Q: "I followed all that great career advice about presenting to my boss how I add value and deserve a raise ... and she said no. She can't even give me a title increase. I feel humiliated. What do I do now? Do I have to look for a new job to save face?"

Laurie says: In the last year or so, America has reached awesome new levels of unemployment rates. The marketplace is full of people who made six-figure salaries and are now looking for jobs at the mall, at coffee shops, and restaurants. If you are looking for a job, you are competing against the biggest pool of applicants since the 1970s, and we all know that nothing good happened in the '70s.

Even though the economy is in the toilet and most employees are afraid to ask for anything extra at work, some of us actually believe in our worth and take our cases to our bosses. Unfortunately, our bosses don't always agree, or their hands are tied by the current economy, so here's what's next:

1. Say thanks. Do thank your boss for the opportunity to present your case. Shake her hand, smile, and get back to work. You made your best effort, you demonstrated an important focus on your career, and you've shown your leadership team that you are interested and available for future opportunities.

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2. Keep it together. Don't take this reaction personally, and don't feel rejected. Your boss told you that a promotion isn't in the cards, but the same can be said for millions of other Americans. No one is getting a raise or a promotion right now. It doesn't mean that your hard work and professionalism aren't appreciated and won't be recognized and rewarded in the future.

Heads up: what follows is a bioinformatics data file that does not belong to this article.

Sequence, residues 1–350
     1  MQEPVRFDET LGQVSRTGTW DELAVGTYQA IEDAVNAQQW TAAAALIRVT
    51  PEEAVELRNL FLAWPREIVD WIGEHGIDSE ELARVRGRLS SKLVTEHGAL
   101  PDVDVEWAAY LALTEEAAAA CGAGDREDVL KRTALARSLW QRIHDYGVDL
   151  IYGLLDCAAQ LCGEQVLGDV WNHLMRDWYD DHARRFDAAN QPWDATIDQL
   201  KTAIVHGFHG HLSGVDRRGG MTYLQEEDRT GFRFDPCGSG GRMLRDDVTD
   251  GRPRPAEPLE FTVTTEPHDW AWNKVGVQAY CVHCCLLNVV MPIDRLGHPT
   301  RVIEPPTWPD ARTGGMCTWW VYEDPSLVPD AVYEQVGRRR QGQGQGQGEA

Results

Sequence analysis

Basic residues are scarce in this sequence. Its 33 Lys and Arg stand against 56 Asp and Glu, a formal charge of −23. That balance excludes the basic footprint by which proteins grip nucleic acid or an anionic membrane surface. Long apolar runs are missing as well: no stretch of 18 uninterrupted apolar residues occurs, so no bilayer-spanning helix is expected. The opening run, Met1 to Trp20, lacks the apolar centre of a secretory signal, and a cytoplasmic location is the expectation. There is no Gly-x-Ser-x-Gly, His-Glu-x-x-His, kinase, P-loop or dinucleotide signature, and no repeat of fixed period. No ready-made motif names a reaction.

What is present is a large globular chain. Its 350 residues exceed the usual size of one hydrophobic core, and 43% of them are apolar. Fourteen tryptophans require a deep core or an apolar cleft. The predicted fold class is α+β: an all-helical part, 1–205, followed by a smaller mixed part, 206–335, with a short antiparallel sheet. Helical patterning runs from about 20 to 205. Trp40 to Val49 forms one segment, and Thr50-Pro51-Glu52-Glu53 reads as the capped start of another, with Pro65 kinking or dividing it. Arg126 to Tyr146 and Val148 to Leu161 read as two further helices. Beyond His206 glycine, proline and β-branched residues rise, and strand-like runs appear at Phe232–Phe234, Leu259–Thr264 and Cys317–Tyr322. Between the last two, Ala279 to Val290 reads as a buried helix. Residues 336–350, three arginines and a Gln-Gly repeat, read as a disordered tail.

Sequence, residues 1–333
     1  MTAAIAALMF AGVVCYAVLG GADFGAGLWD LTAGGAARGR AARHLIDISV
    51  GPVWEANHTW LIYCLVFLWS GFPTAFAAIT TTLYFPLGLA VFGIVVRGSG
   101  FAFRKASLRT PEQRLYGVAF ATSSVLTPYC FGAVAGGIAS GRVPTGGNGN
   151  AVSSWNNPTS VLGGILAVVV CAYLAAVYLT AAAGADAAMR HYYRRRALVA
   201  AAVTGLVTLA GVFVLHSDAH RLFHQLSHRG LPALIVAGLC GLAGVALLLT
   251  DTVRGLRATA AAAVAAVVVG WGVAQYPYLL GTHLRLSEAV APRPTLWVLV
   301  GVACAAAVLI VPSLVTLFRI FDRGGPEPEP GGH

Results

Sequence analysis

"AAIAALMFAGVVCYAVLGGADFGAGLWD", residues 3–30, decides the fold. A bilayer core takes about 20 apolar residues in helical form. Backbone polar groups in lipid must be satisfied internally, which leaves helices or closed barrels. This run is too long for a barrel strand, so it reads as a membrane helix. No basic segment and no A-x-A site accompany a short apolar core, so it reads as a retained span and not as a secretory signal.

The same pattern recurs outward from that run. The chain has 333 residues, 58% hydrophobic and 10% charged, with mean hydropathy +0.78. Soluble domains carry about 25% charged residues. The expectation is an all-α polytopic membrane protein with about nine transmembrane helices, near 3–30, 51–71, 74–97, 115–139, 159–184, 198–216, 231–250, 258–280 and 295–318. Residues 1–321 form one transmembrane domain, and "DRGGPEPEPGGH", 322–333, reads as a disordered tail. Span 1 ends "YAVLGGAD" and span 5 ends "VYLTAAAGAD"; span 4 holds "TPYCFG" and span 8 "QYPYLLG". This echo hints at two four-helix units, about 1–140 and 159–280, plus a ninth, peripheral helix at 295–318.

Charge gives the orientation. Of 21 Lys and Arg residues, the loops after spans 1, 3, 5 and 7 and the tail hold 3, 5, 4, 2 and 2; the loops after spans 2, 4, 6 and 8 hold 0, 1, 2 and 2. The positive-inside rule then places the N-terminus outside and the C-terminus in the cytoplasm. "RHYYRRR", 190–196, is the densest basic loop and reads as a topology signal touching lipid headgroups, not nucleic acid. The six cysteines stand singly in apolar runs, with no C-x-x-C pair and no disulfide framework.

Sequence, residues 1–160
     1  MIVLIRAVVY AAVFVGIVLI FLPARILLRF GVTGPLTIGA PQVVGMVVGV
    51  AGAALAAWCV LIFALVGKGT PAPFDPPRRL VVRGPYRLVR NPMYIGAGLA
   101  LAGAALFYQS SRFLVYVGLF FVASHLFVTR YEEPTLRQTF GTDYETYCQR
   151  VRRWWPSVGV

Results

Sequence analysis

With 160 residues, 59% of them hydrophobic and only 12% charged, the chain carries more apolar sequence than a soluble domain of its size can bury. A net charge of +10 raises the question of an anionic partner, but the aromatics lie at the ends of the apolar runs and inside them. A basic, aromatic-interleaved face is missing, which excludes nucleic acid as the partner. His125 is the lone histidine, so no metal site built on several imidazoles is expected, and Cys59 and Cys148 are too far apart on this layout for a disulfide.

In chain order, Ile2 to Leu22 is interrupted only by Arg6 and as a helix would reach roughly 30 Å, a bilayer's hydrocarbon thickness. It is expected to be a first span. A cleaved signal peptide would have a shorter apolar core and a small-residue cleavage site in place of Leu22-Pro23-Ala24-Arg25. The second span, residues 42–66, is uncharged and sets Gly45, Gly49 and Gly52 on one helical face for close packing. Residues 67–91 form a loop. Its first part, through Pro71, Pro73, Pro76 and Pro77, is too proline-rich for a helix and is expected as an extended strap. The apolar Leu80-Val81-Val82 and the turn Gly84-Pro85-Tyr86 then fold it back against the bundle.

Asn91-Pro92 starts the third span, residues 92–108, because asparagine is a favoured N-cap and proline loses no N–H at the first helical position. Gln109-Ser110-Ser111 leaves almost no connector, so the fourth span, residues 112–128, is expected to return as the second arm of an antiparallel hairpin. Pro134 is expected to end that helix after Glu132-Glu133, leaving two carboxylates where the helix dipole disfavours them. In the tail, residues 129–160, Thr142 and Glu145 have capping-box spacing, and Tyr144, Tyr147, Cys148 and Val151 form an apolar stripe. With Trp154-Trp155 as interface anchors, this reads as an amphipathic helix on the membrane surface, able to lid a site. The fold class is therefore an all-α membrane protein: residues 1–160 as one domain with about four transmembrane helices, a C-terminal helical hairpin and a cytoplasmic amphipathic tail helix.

3. Prove your case. Walk away from this experience determined to show your peers and colleagues that you have the company's best interests at heart. Jump back into the piles and projects that sit on your desk. Work with integrity. Approach each new assignment as yet another opportunity to make the case that you are ready for the next level. While she once might have taken it for granted, now you've put it into her head and she'll be acutely aware of your skills.

4. Shop around. If you do feel rejected, underemployed or underappreciated by your organization, I suggest you get out there and start networking. Talk to companies who are hiring, meet other professionals in your field, and get involved in alumni associations or not-for-profit groups where you will meet successful and influential people.

5. Give it time. Americans believe in capitalism, and it seems sensible to work hard and expect a promotion under normal circumstances. Unfortunately, employees aren't facing normal circumstances in America. My advice is straightforward and simple: Do the best job you can, be savvy about your career, and trust that your hard work will be rewarded in the future.

Laurie Ruettimann is a writer, speaker and HR exec with Fortune 500 experience. She blogs at Punk Rock Human Resources.